Faulty power lines ignited the Camp fire on November 8, 2018, but high winds, drought-dried foliage, and an unreliable warning system all caused the inferno to erupt into California’s deadliest wildfire. Eighty-five civilians died, 13,900 houses burned, and nearly all residents of Paradise, a town in California’s Butte County, lost their homes. Between 2018 and 2019, county homelessness increased by 16 percent.
No U.S. wildfire since has reaped such a death toll, but the incineration of entire communities continued this past fall in Oregon, California, and Washington. Given the similarities between those towns and some in Colorado’s Rocky Mountains, where homes abut dry forests thick with foliage, experts say the Centennial State could be next. “There’s every reason to believe that in the next five years, a town in Colorado will be wiped off the map,” says Dave Lasky, director of fire management with the nonprofit Forest Stewards Guild. When that fire comes, Lasky fears the most vulnerable will face the steepest road to recovery.
Already, the Colorado mountain communities most susceptible to wildfires face affordable housing challenges. In the Vail Valley, 80 percent of employers told the Vail Daily they struggle to hire workers because few make enough to live in town. If the limited cost-effective housing options there burn, its inhabitants are less likely than wealthy residents to have the funds to relocate nearby, especially if home and rental prices increase like they did in Chico, a town near Paradise. “There was this immediate grab of available housing, and people who had good insurance policies just bought up everything that was nice,” says Jacquelyn Chase, a professor at California State University, Chico, who researches economics and fire risk management in rural communities. “Certain landlords responded to that demand by evicting their tenants and selling those homes to fire survivors.” Nearly four years later, Chase says people still couch surf or live in RVs outside a family member’s or friend’s house as the rebuilding of Paradise slogs along.
“There’s every reason to believe that in the next five years, a town in Colorado will be wiped off the map.”
Colorado doesn’t seem prepared to handle the effects of a devastating blaze any better.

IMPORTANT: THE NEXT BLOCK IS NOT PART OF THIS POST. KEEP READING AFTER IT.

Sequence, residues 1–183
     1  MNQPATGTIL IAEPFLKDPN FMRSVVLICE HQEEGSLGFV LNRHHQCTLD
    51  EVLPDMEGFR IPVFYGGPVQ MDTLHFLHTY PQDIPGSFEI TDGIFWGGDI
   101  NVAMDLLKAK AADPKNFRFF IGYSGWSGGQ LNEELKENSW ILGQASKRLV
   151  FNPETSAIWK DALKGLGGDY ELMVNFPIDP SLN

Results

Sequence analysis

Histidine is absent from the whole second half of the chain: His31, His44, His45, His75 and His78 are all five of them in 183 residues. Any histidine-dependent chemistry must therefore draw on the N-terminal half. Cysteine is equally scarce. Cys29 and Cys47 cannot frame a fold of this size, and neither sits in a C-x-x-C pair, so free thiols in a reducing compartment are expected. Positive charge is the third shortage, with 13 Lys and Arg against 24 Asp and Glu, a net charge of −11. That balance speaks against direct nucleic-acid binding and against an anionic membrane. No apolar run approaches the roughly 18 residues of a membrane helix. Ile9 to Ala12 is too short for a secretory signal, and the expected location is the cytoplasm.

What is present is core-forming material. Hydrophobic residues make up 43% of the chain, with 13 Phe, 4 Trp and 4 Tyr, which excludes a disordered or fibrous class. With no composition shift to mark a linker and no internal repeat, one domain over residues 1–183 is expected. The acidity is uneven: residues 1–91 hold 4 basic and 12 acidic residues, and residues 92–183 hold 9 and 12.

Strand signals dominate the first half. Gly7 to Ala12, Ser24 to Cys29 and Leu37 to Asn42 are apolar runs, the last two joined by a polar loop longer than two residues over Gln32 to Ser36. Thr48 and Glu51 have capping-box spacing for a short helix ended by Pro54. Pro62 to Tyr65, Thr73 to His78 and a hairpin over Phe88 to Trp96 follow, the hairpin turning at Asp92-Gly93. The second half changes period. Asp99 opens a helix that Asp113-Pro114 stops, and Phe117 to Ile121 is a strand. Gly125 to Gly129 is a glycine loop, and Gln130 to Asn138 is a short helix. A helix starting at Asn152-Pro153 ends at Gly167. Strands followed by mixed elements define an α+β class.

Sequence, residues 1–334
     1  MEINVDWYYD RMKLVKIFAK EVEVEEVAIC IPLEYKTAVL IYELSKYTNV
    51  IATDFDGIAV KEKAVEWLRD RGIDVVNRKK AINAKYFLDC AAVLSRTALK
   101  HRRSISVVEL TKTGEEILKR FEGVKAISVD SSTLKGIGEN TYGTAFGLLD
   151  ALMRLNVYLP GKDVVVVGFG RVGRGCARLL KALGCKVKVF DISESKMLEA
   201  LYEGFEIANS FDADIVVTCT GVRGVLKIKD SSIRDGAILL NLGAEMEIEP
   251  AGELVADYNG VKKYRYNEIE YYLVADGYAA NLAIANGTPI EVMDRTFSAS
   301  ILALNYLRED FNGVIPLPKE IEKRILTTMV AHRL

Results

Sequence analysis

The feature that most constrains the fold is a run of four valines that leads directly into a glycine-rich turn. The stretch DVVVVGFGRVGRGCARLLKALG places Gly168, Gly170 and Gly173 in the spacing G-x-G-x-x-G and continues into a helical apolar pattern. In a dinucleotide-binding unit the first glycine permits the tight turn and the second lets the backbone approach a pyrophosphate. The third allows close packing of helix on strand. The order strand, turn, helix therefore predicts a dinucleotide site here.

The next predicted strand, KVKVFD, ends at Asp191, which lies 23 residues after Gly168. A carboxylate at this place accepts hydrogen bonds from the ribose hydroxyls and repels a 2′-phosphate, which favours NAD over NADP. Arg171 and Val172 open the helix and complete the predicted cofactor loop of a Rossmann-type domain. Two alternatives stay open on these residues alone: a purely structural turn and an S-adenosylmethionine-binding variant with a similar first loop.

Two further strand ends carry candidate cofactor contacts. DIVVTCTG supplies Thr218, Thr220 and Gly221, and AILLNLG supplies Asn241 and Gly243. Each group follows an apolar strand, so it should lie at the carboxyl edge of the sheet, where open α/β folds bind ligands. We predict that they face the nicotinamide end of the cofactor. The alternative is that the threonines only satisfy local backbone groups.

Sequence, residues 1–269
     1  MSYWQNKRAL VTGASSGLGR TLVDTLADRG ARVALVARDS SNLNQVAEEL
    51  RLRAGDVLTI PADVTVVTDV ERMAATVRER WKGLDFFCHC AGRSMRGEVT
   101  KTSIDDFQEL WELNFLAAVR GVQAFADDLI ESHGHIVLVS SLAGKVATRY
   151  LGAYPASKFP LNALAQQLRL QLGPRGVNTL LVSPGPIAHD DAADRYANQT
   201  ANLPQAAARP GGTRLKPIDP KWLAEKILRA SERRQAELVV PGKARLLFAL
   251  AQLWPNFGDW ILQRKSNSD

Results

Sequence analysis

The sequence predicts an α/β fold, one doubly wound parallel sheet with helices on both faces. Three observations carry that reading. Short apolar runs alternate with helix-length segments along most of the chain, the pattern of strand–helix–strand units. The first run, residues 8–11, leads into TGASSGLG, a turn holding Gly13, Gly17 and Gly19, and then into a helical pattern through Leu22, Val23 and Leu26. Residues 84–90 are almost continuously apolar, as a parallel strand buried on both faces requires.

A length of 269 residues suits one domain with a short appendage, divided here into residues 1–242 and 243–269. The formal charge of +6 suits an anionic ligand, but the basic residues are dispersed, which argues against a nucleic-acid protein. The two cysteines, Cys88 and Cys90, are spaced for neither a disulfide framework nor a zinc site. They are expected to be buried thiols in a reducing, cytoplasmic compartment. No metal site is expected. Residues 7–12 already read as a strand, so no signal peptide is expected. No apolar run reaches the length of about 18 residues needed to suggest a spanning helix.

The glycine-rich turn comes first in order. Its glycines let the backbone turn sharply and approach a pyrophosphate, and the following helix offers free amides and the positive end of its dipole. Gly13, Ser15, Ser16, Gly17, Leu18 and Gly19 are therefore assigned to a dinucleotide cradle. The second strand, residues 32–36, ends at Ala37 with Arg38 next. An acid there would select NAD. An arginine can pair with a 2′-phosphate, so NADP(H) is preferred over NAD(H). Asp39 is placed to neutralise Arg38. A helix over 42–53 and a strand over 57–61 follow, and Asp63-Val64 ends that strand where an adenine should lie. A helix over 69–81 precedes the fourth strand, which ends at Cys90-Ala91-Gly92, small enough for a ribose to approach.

“I have yet to see a concrete plan for long-term housing after a severe fire,” Lasky says.
The aftermath of last year’s East Troublesome fire, which displaced hundreds in Grand County, hints at troubles to come. The county was already facing an affordable housing shortage, and when 366 homes burned (106 of which were primary residences), local officials had to lean on the nonprofit Grand Foundation to fund shelter and fulfill other needs for displaced survivors. “We lost roughly 10 percent of our housing, and it’s been a challenge to find another residence for those who were uninsured or underinsured,” says Megan Ledin, the foundation’s executive director. “I can’t even fathom what would have happened if even more of our housing had burned.”
It’s not easy to plan for a disaster that hasn’t happened yet, and that’s why it’s wise to focus on mitigation efforts, says Dan Schroder, the Colorado State University (CSU) Extension director for Summit County. Teams in the Arapaho and Roosevelt national forests conducted more prescribed burns this spring than last year to take advantage of rare, wetter-than-usual conditions, and in April, U.S. Representative Joe Neguse of Boulder proposed the creation of a Civilian Climate Corps that would, in part, enhance mitigation efforts. The CSU Extension office even offers grants to help homeowners pay for tree removal and educational resources about updates like replacing wooden shingles with less-flammable asphalt. But Schroder knows there’s still a chance a disaster like the Camp fire could overpower all that preparation. “If that happens,” he says, “I think there will be a lot of people couch surfing.”